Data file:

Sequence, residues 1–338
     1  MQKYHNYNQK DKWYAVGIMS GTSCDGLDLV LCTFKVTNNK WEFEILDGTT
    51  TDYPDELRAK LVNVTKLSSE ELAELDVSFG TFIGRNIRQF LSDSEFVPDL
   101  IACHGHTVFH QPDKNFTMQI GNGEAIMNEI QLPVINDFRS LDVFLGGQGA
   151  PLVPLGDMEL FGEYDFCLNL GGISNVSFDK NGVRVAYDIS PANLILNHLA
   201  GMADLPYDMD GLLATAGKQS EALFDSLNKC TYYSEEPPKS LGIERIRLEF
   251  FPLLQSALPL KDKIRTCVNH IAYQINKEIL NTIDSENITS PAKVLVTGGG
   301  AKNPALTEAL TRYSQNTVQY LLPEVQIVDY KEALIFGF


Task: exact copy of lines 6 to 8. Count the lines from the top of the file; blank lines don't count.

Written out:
   201  GMADLPYDMD GLLATAGKQS EALFDSLNKC TYYSEEPPKS LGIERIRLEF
   251  FPLLQSALPL KDKIRTCVNH IAYQINKEIL NTIDSENITS PAKVLVTGGG
   301  AKNPALTEAL TRYSQNTVQY LLPEVQIVDY KEALIFGF